On Tuesday, May 30, the candidate of the Peoples Democratic Party (PDP), Atiku Abubakar, presented a substantial number of exhibits, totaling 118, before the five-member panel of the Presidential Election Petition Court. These exhibits were presented as part of Atiku’s case against President Bola Tinubu.

Atiku and the PDP had approached the tribunal to challenge the declaration by the Independent National Electoral Commission (INEC) that Tinubu, who ran under the All Progressives Congress (APC), emerged as the winner of the election held on February 25.

The presentation of the exhibits by Atiku Abubakar and his legal team is a significant step in their effort to contest the election results and seek redress through the legal process.

During the hearing on Tuesday, the petitioners, Atiku Abubakar and the PDP, made specific allegations against President Bola Tinubu. They claimed that Tinubu was not duly elected by the majority of lawful votes cast in the election and that he was not qualified to contest in the first place. The petitioners also raised concerns regarding inconsistencies in Tinubu’s age and school certificates.

At the beginning of the hearing, Atiku’s lawyer, Eyitayo Jegede, presented the first set of exhibits on behalf of the petitioner. These exhibits included certified copies of the presidential election results from all 36 states of the federation, as well as the Federal Capital Territory. These documents were submitted as evidence to support the claims made by Atiku and the PDP in their case against President Tinubu.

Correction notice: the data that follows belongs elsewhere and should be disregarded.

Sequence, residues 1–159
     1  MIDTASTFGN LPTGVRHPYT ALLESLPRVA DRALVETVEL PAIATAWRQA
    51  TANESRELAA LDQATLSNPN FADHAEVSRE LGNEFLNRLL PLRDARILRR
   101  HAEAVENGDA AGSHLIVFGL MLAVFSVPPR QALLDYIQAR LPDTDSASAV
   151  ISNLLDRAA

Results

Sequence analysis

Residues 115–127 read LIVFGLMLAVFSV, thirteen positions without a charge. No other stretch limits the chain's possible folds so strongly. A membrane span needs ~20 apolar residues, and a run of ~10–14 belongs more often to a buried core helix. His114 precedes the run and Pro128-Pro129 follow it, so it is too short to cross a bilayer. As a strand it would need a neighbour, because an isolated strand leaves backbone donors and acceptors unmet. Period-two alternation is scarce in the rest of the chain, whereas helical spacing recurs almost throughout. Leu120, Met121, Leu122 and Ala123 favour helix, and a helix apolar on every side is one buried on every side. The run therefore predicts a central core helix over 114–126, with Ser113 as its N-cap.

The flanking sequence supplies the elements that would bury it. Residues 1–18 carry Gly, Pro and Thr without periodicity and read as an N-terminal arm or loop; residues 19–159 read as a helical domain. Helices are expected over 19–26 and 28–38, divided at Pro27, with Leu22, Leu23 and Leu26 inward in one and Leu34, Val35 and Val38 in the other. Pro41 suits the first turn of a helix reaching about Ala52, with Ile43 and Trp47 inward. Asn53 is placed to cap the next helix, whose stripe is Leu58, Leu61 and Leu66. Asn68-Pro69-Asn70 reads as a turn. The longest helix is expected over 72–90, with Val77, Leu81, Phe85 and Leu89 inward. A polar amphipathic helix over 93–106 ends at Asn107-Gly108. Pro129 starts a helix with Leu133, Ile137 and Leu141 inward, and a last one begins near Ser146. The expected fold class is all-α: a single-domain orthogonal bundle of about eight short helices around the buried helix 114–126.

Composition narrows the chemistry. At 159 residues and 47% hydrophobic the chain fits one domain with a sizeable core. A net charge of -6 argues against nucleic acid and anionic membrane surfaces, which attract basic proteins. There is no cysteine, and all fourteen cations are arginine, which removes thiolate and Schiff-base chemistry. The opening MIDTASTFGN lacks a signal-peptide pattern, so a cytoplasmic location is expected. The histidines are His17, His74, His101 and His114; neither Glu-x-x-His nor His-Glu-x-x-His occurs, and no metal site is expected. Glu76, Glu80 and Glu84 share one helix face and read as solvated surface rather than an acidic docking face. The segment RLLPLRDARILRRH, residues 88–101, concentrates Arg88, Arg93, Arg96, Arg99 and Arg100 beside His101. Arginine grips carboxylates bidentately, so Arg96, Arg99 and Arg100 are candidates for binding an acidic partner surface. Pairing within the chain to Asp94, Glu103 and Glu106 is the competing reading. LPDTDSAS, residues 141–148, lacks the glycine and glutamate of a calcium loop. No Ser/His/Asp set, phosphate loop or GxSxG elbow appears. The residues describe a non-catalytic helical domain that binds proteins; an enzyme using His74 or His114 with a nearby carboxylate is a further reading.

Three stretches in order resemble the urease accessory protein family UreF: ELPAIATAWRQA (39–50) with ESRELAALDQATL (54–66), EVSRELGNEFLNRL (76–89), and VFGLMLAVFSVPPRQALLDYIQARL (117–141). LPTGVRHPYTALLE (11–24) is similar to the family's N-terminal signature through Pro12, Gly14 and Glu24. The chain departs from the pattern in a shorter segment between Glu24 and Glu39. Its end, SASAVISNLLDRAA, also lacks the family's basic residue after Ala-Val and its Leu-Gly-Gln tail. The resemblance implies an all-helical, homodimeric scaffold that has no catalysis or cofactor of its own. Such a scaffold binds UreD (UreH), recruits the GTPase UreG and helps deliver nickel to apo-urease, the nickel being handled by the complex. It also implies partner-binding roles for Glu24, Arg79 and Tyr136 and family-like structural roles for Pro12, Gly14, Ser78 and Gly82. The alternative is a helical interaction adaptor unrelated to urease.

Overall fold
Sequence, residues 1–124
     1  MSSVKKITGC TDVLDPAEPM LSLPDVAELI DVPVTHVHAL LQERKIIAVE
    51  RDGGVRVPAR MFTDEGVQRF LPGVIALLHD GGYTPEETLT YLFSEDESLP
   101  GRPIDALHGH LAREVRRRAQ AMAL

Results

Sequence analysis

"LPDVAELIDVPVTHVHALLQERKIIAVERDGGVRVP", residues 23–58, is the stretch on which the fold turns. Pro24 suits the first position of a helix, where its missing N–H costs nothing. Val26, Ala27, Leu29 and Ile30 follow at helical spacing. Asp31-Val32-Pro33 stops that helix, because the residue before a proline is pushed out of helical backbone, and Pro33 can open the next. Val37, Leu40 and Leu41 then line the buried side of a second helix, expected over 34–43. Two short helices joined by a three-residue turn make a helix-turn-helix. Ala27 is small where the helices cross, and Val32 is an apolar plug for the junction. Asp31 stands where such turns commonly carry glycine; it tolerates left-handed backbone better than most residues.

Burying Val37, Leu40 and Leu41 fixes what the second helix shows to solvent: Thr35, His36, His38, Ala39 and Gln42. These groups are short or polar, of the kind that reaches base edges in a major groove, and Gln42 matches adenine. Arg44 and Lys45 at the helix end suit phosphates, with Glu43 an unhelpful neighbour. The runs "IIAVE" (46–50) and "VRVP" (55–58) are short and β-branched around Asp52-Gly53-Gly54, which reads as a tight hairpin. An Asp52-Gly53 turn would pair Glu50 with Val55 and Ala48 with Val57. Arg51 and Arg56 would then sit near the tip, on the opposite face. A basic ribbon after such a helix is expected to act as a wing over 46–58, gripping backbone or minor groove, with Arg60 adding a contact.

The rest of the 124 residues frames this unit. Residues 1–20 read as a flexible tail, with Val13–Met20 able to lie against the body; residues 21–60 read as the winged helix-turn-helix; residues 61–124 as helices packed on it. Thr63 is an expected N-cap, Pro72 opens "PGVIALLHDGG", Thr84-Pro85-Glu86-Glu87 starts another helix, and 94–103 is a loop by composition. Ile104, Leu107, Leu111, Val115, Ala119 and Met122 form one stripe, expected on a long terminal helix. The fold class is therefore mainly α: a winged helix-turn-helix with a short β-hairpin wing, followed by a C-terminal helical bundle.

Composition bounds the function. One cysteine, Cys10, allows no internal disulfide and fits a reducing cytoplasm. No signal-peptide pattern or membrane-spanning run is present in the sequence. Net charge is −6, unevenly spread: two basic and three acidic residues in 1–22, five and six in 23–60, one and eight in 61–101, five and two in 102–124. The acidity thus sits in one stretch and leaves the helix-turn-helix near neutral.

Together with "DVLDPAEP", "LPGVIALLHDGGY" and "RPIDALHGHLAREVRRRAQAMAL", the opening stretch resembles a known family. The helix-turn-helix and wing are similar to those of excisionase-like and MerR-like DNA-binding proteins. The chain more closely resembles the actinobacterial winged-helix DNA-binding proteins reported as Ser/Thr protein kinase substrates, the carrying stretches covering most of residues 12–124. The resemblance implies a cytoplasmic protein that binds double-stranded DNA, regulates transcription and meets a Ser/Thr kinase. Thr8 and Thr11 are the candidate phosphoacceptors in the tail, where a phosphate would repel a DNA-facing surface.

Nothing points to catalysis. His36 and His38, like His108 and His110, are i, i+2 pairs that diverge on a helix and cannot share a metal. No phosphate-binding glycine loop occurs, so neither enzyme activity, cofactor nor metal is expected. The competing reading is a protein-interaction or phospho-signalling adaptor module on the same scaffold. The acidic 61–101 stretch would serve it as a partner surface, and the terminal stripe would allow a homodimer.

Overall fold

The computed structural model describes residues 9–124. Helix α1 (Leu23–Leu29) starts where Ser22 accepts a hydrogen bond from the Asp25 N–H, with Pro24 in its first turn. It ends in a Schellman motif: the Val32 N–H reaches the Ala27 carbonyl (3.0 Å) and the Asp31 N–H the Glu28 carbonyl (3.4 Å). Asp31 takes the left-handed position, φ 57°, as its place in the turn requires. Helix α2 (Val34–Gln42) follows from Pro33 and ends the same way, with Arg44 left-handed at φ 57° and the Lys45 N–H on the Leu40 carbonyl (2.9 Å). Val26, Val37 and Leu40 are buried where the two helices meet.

The petitioners also presented additional exhibits, including printouts of data obtained from the bimodal voter accreditation system and records of the number of permanent voter cards used during the election across all 36 states and the Federal Capital Territory. These exhibits were admitted as evidence by the court.

During the hearing, the petitioners did not call any witnesses to testify. The respondents, on the other hand, informed the court that they would reserve their objections to any of the documents presented until their final written address, which means they would address any objections to the exhibits at a later stage in the proceedings.


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